The study conducted by Burdick et al. (2020) directly responds to the proposed PICOT question in that the sepsis prediction algorithm directly affects the patient’s LOS, readmission, and mortality. That means, incorporating the intervention measured used would affect that NPS would also result in decreased LOS. Similarly, Romero et al.’s (2017) pre-post medical record audit determined that the sepsis guidelines positively affect early assessment, recognition, and management of sepsis patients. As evidence-based guidelines whose effectiveness has been demonstrated, the NPS intervention should also borrow from these guidelines. The two interventions compare to the NPS intervention in that the sepsis care algorithm and sepsis guidelines have an outcome that touches on the patient’s LOS. The comparison group in the proposed study are those patients who undergo conventional standards of sepsis care versus those of NPS guided maintenance and compare with the pre-intervention in the sepsis prediction algorithm or the pre- sepsis guidelines in the study conducted by Romero et al. (2017).

Method of Study

Like the proposed study, both Burdick et al. (2020) and Romero (2017) used a quantitative methodology approach but with different research designs. In the USA survey, real-world patient data were abstracted from the EHRs systems of Epic and prospectively collected in the nine hospitals selected for the study. This research design entailed a clinical outcomes analysis of the facilities that had implemented the machine learning algorithm for sepsis prediction and detection. The investigators then evaluated the data collected to establish what impact the algorithm had on patient outcomes of inpatient mortality, hospital LOS and one-month readmission. The study conducted in Australia saw researchers use a pre-post retrospective study of the 157 randomized medical audits that met the inclusion criteria.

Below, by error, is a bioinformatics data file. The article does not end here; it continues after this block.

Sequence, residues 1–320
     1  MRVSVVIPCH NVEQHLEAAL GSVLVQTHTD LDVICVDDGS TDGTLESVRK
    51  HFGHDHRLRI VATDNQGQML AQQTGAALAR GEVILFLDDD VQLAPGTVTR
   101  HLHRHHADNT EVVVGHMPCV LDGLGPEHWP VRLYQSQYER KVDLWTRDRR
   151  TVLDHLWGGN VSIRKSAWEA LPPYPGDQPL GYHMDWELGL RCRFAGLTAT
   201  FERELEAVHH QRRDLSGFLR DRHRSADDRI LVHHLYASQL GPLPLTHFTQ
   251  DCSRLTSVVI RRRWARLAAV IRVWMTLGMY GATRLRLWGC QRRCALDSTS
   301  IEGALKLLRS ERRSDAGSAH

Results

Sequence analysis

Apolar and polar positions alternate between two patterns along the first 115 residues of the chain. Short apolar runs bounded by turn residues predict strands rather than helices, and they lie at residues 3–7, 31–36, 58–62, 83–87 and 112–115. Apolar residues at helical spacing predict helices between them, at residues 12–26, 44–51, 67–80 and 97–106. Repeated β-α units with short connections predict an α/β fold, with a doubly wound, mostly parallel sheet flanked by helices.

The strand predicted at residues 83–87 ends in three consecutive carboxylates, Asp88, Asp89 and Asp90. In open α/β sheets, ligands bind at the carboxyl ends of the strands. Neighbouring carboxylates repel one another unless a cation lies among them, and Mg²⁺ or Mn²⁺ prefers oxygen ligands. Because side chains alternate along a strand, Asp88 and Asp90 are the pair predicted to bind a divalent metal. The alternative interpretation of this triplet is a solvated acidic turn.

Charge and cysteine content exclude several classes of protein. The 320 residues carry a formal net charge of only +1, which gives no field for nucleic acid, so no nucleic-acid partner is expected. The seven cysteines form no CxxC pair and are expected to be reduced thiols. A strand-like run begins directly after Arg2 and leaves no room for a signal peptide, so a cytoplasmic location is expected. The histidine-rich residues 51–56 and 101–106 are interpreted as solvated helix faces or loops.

In contrast, my research uses a quasi-experimental type as the research design. The selection of a research design is determined by several factors ranging from the kind of research question, the practical and ethical aspects. Regardless of the study design selected, each has its advantages and limitations. For example, using a prospective study design enables the researcher to collect exposure data that comparatively complete, but its downside is that the approach requires a long time for the investigators as they wait for the disease or event to happen. A retrospective study’s choice may be informed because it is a less expensive methodology to set up and consume much time. Contrariwise, its main drawback is that retrospective studies are generally conducted on a small scale and possess the inherent risk of collecting low levels of evidence, suffer more recall bias, and misclassification bias.

Results of Study

According to Burdick et al. (2020), the participating hospitals identified an average decrease of about 40% in total sepsis patients’ death. The LOS decreased by 32%, even as the one-month readmission rates fell by approximately 23%. These findings effectively demonstrated that MLA implementation’s efficacy would improve patient outcomes of the most notable being the outcome anticipated in the proposed study, as evidenced by decreased LOS. A critical analysis and comparison of the pre-post sepsis guideline implementation revealed that up to 230 minutes decreased towards antibiotic treatment initiation. In contrast, a 758-minute decrease was noted before the second liter of intravenous fluids was administered.

Specifically, the meantime to the second liter of IVF for the pre and post-group was 1128 minutes (with SD at 2669) and 370 minutes (with SD of 393), respectively. Just like the quantitative studies reviewed demonstrated that optimization of early sepsis care would lead to better patient and health outcomes, their counterparts who used qualitative research echoed similar sentiments backed by similar findings. A case in point is that of Tarrant et al. (2016), who found that adopting measures that ensured adherence to Sepsis Six should further be widened in scope to embrace other multiple and interdependent tasks like schedule prioritization.

Moreover, Konig et al. (2018) also highlighted some 11 domains underpinning the need for patients to control their lives backed by their families’ support. These measures would help the sepsis patient lead a normal life again. All four studies’ significance in nursing reminds the trained nurse of the importance of early sepsis recognition as this is the only way to ensure timely treatment and management of the condition to avoid progression to severe sepsis and septic shock whose complications are in and of themselves life-threatening.

Ethical Considerations